Investment opportunities to be discussed in Abu Dhabi, Tokyo

Deputy energy minister Gerassimos Thomas will be looking to discuss opportunities in Greece’s energy market during foreign trips this month, beginning with Abu Dhabi and followed by Tokyo.

The deputy minister is scheduled to attend an IRENA (International Renewable Energy Agency) annual conference this weekend in the capital of the United Arab Emirates.

A prominent event on the global RES agenda, the IRENA conference will give the Greek official an opportunity to meet with investors as well as European and American authorities.

Meetings have already been lined up with Estonian politician Kadri Simson, the European Commissioner for Energy, as well as Francis Fanon, the US Assistant Secretary of State and head of the country’s energy portfolio.

US interest in Greek privatizations, gas exports, as well as renewable energy projects is at a high, as was made clear to Prime Minister Kyriakos Mitsotakis during meetings in Washington this week.

Fanon has made regular trips to Athens over the past few months for meetings with government officials as well as officials at Greek and US companies, the focus being on the Greek energy market and its investment opportunities.

The IRENA conference comes not long after a Greek government decision placing emphasis on green energy.

Following the Abu Dhabi trip, the Greek energy deputy will be in Tokyo on January 25, joined by the Deputy Minister for Economic Diplomacy Kostas Frangogiannis and the Deputy Minister for Development and Investments Yiannis Tsakiris.

The Tokyo agenda includes meetings with officials at Mitsubishi, Hitachi and the Japan Bank of International Cooperation (JBIC). This bank, globally active with a focus on green energy investments, has shown strong interest in Greek projects.

During a visit to Athens last September, JBIC officials requested, from the Greek government, a list of projects deemed mature for financing.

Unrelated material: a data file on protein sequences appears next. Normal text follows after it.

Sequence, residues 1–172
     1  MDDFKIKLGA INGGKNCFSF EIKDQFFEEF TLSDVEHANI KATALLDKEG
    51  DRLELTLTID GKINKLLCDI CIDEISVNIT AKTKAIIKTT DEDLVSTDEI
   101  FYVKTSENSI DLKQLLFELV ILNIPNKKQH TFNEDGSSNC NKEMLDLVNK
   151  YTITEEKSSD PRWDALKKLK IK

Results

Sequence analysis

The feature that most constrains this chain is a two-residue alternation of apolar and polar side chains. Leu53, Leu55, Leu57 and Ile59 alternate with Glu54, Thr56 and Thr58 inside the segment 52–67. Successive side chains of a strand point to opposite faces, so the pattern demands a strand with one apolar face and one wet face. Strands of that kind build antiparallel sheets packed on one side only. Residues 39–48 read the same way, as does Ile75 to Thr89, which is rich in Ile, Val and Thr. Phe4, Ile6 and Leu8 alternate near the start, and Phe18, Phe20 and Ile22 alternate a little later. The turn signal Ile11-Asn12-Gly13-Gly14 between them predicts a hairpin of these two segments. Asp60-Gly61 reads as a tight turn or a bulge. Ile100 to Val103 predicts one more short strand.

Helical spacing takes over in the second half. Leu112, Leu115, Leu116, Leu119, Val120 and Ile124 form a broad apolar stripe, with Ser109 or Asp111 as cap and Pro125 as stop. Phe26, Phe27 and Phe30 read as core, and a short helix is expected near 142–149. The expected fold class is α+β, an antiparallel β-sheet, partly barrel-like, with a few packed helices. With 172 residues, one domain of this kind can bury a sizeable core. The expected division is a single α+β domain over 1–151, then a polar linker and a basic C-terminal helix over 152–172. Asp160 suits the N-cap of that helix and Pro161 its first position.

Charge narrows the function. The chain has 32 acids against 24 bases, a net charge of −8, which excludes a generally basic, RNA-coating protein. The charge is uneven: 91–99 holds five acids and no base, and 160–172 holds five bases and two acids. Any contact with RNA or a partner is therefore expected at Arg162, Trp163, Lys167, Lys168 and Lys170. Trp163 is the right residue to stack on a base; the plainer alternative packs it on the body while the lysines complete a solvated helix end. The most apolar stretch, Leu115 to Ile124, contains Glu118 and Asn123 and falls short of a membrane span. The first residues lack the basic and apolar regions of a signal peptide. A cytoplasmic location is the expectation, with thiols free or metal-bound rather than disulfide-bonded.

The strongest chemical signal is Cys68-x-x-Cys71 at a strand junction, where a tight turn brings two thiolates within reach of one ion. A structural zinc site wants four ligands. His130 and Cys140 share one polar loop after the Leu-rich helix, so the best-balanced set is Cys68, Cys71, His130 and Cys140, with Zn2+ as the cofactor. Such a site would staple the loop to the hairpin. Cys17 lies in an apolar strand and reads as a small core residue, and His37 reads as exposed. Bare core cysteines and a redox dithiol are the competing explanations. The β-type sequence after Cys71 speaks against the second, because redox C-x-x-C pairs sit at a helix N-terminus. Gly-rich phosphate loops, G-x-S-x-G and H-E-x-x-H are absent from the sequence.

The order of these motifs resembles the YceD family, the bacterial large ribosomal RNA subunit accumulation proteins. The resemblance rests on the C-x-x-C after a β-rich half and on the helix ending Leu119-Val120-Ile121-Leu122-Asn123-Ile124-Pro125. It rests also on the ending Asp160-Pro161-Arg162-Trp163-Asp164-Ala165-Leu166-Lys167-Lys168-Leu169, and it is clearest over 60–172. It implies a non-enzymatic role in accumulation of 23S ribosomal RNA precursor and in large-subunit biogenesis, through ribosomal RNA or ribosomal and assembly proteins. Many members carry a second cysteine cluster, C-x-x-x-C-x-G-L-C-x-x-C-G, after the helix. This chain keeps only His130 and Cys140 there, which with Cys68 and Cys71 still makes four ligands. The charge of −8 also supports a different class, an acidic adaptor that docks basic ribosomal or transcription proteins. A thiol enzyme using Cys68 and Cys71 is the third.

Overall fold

Digitization projects at electricity distribution network operator DEDDIE/HEDNO, development of major-scale wind energy arms, installation of smart meters, as well as auto recharging stations are among the projects included on this list, according to sources.

JBIC’s foreign investment loans portfolio is worth 148.8 billion dollars, 17.2 percent of these projects being in Europe.

 

 

 

Japan’s Hitachi widens Asian interest in PPC unit sale plan

Though European interest in the main power utility PPC’s bailout-required unit sale package, until now a lignite-only offer, has remained limited to investors from the continent’s east, Asian interest is broadening, as suggested by Japanese consideration following Chinese.

Japan’s Hitachi corporate group, which has taken on constructing the utility’s Ptolemaida IV, a project budgeted at 1.4 billion euros, is also eyeing the PPC units sale, sources have informed.

It is believed the Japanese company’s buying interest is combined with an interest to upgrade ageing PPC units and construct new ones, key activities at Hitachi Power Europe. Interestingly, Japanese investors are extremely selective in their investment choices, as is highlighted by the country’s limited Greek market presence.

Meanwhile, Greek officials, including government and PPC authorities, are continuing their negotiations with the European Commission’s Directorate-General for Competition over the units to be included in the utility’s sale package.

Certain sources are claiming that Brussels authorities have eased up on previous objections concerning the inclusion of a Meliti unit license into the sale package. DG Comp authorities have questioned whether the sale of a permit to build represents a disinvestment move. This Meliti license is now seen as an asset by DG Comp officials, sources noted.

It remains to be seen whether PPC’s Amynteo or Megalopoli lignite-fired facilities will be included in the package. Greek officials believe the Amynteo unit proposal fully satisfies the procedure’s requirements, rendering any talk of Megalopoli’s inclusion into the sale package as unnecessary. Even so, Greek officials are fully aware of the fact that Brussels, not yet convinced of the local PPC unit sale proposal, has kept Megalopoli on the negotiating table.

Brussels sees the inclusion of the Amynteo facility as a costly option as this unit is ageing and requires an 80 million-euro revamp. Of course, if performed, the facility’s lifespan would be extended to 2035.